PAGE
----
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 Practical algorithms and code optimization: maze generation

# Notice

The present document is published under terms of the "Verbatim Copying » as defined by the Free Software Fondation within the scope of the GNU project.

Verbatim copying and distribution of this entire article is permitted (and encouraged) in any medium without royalty provided this notice is preserved.

Copyright (C) 2003, 2004 Yann LANGLAIS, ilay.

The last version of this document is located at the folling URL: http://ilay.org/yann/articles/maze/index.en.html

Any remarque, suggestion or correction is welcomed and can be addressed to Yann LANGLAIS, ilay.org.

# Introduction to mazes

Let's start by opening the dictionnary:
labyrinth: n place constructed of or full of passageways and blind alleys: maze
maze: n: a confusingly intricate network of passages.

If these definitions are enough to allow comprehension of the concept, they are useless for creating a program.

A maze is a conected surface. Such surfaces may have different topologies: simple, or with rings or islands.

 Simple connected surface Connected Surfaces with rings

These two surfaces are not topoligically equivalent. The difference, in the case of mazes leads to different maze types: perfect mazes and imperfect mazes.

Perfect mazes are made of a unique path connecting every cell (or pathway).
Imperfect mazes are made of a path that may intersect itself (non unique path) or/and isolate a group of cells.

 Perfect maze Imperfect mazes

We will only be conserned by perfect mazes.

The different paths of prefect maze can be viewed as a tree:

 Labyrinthe Arbre équivalent

A prefect rectangular maze of m columns and n lines is a set of m x n cells connected by a unique path.

Each cell is linked to all others by a unique path.

Topological equivalence of simple connected surfaces allow us to refine our vision of perfect mazes:

 Equivalent surfaces

The number of opened doors required to define a unique path through any maze of mn is the same as the number of opend doors required in the case of a straight path of a single row of mn cells, that is mn - 1 opened doors.

Le total number of possible internal doors is then: 2mn - m - n

We have two doors per cell (to avoid counting twice the same) on the down side and on the right side, for instance, minus the number of external bounding doors down side m and right side n.

The number of walls (or closed doors) of a perfect maze is then:

2mn - m - n - (mn - 1) = (m - 1) (n - 1)

# Data structure

A maze is composed of cells and doors. Both concept are somehow equivalents. Cells are bound by doors and the doors bind cells. We need to choose wich is concept we want to modelize.

Provided we wander through cells, it seems easer to me to think in terms of cells rather than doors.

At first sight and thinking of doors as links from one cell to another, we could code doors as pointers to other cells. Each cell would then be composed by 4 pointers. An open door from a cell to another would then be a plain pointer to the next cell and a closed door would be a null pointer.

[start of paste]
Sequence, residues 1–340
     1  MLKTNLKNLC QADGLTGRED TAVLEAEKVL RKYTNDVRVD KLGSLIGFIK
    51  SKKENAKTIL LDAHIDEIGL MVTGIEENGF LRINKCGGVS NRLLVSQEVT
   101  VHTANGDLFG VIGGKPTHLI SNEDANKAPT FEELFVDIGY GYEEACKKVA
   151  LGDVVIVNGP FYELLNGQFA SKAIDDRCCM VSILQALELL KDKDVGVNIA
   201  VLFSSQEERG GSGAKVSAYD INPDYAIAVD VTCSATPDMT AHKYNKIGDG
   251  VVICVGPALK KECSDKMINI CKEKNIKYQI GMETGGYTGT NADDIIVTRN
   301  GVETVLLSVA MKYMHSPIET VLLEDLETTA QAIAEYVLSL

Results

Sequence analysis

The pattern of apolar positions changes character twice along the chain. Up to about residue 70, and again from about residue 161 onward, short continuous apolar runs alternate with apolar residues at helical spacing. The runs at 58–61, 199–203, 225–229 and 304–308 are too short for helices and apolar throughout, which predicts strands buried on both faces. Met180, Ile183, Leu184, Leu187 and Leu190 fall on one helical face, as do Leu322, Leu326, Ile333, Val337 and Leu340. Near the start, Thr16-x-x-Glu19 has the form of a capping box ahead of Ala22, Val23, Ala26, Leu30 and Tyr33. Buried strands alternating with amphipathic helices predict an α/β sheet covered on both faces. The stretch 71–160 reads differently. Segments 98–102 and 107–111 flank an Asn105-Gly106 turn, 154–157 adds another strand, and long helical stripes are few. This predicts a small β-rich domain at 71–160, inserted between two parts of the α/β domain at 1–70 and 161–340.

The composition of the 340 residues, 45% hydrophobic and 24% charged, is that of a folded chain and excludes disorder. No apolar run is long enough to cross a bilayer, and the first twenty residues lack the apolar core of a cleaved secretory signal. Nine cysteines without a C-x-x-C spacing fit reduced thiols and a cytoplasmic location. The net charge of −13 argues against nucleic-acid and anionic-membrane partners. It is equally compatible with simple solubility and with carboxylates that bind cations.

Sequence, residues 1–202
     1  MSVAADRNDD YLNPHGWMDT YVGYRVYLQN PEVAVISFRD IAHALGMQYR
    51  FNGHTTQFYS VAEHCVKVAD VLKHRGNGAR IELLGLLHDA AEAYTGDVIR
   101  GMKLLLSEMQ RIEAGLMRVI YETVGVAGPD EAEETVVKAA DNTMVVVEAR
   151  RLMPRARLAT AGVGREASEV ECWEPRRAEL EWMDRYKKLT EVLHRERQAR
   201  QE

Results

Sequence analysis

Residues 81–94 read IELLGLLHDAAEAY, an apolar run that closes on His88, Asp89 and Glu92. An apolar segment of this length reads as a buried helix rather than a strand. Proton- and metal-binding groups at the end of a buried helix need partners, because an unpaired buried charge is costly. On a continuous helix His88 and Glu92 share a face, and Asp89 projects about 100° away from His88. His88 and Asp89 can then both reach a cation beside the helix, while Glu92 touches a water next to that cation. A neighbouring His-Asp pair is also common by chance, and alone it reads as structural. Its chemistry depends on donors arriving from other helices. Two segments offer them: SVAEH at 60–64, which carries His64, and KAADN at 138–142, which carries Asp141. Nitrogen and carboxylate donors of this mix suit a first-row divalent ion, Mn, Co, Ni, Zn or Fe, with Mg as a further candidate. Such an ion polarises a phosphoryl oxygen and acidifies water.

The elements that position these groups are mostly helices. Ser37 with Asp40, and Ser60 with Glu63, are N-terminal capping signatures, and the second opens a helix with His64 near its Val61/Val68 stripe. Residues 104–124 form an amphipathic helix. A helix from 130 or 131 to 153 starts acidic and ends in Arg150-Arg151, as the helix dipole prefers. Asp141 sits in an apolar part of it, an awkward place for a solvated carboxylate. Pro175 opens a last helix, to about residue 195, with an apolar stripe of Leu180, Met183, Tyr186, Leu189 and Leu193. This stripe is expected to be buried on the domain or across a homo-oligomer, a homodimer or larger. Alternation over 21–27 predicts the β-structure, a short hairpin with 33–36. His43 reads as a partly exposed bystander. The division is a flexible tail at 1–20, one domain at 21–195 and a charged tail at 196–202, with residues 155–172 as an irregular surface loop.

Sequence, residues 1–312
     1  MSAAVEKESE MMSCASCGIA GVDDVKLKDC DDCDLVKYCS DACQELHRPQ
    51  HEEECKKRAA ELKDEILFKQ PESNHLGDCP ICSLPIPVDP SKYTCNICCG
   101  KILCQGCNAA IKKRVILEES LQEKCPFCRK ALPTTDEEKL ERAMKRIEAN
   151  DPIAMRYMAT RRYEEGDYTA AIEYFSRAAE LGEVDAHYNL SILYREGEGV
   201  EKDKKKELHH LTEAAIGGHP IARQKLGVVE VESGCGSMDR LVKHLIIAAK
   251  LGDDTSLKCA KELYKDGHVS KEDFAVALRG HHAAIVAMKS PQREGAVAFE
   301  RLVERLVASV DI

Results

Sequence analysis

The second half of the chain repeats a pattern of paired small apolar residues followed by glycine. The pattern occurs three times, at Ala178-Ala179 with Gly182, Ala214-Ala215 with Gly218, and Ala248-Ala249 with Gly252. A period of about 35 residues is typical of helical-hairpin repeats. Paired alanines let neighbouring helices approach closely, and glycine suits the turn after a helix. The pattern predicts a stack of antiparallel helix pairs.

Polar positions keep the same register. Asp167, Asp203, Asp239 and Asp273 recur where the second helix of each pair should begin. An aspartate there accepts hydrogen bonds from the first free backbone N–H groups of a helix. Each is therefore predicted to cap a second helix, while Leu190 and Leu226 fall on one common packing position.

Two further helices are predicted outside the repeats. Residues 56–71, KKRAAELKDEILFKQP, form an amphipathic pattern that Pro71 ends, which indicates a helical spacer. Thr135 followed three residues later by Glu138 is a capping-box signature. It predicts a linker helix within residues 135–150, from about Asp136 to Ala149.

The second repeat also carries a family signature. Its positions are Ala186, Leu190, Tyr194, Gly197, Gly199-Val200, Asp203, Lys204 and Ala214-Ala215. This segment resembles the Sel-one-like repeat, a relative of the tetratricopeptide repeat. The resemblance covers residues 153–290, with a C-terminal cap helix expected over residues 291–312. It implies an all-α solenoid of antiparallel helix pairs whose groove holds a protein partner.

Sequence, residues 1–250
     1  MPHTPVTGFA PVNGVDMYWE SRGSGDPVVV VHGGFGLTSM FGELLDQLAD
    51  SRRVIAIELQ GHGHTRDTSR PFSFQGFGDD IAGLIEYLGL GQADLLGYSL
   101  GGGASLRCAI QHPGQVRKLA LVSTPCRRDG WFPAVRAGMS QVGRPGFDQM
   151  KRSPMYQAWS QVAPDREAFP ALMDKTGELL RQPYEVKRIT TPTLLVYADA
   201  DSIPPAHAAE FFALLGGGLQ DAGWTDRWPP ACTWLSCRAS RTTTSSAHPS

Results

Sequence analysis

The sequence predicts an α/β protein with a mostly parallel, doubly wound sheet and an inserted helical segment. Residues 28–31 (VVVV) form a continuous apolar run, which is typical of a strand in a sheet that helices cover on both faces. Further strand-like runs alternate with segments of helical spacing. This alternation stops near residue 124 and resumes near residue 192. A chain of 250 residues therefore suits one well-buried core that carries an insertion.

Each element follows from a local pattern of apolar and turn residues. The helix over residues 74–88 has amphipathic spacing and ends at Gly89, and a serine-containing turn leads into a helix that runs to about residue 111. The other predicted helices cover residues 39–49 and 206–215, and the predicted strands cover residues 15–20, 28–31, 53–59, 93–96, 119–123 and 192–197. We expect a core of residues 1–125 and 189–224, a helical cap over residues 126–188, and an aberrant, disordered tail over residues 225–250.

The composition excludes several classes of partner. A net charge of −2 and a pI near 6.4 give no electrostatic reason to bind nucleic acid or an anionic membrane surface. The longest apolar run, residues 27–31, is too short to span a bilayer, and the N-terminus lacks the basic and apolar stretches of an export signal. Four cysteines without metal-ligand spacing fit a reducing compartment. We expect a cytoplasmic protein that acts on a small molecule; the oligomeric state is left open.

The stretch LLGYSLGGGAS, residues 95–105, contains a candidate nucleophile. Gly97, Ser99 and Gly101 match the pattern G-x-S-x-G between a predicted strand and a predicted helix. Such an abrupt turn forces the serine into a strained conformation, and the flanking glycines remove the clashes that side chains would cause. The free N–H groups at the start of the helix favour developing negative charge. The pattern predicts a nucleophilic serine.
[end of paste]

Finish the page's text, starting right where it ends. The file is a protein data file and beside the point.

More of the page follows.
This modelization works perfectly. But while taking a closer look to the problem, we don't need it. The doors of our maze is not a complex hyperspace with wormholes. We do not need to store data giving the position of next cell.

We only need to know the state of each door (open/close). Four doors bound each cell and each door has only two possible states. We then only need 4 bits per cell to code the states.

We will also probabily need to know if we already passed through a cell. We then have to add one bit per cell. Our cell will then use only 1 byte of data.

Beeing strict, this data representation is incorrect since each door state is coded twice (once in 2 neighbourg cells limited by the door itself). A door is then completely opened if and only if is opened in the 2 adjascent cells.
It would be better to store door state in only one cell. However, from a pracitcle stand point, the redondant code only account for 2 extra bits, wich is few since the "minimal" size of a variable is the byte. Furthermore, the time consumed to open twice the same door is also really small.
Subdividing a byte in 2 to code 2 cells per byte would raise complexity and would probably not save computation time.

The maze in itself is a set of mn cells. We need to store m, n and the cells. We also need to take into account the entrance and the exit.

Storing the cells is an important issue. Since the maze is a rectangle, an 2-dimensional array should be fine.

However, this way has 2 inconvinients:

• Allocation of a 2-dimensional array needs a loop
• Accessing a cell within the array require 2 coordinates

A 2-dimensional array can also be represented as a vector of the same number of cells. The translation from a 2D coordinates system to a single coordinate system is obvious provided we know the dimensions of the 2D space:

 x, y -> i : i = my + x i -> x, y : x = i / m et y = i % m *

* thus respectively, the result of an integer division by m and the modulus of this division.